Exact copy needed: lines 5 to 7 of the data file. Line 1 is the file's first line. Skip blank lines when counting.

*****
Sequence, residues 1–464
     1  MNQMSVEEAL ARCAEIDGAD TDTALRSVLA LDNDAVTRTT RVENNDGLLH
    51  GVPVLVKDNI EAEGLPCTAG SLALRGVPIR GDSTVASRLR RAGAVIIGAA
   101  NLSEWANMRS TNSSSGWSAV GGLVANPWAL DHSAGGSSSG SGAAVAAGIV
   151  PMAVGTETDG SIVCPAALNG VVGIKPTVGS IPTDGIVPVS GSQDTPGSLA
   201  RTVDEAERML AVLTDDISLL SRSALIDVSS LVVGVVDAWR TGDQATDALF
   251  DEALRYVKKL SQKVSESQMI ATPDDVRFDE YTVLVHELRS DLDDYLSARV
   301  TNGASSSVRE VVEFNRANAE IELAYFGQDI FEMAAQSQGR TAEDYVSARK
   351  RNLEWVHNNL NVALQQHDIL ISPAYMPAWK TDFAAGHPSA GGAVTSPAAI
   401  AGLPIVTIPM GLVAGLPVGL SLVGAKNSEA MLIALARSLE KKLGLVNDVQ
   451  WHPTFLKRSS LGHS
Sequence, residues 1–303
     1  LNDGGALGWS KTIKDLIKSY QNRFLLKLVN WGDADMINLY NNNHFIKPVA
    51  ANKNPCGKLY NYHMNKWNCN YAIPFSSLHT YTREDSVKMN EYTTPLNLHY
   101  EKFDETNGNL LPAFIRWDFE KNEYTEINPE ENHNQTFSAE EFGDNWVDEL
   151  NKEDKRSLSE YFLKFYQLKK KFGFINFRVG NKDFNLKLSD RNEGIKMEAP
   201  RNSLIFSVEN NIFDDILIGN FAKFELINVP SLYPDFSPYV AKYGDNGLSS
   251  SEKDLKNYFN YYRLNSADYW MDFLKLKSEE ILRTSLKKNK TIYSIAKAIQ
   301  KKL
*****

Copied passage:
   151  PMAVGTETDG SIVCPAALNG VVGIKPTVGS IPTDGIVPVS GSQDTPGSLA
   201  RTVDEAERML AVLTDDISLL SRSALIDVSS LVVGVVDAWR TGDQATDALF
   251  DEALRYVKKL SQKVSESQMI ATPDDVRFDE YTVLVHELRS DLDDYLSARV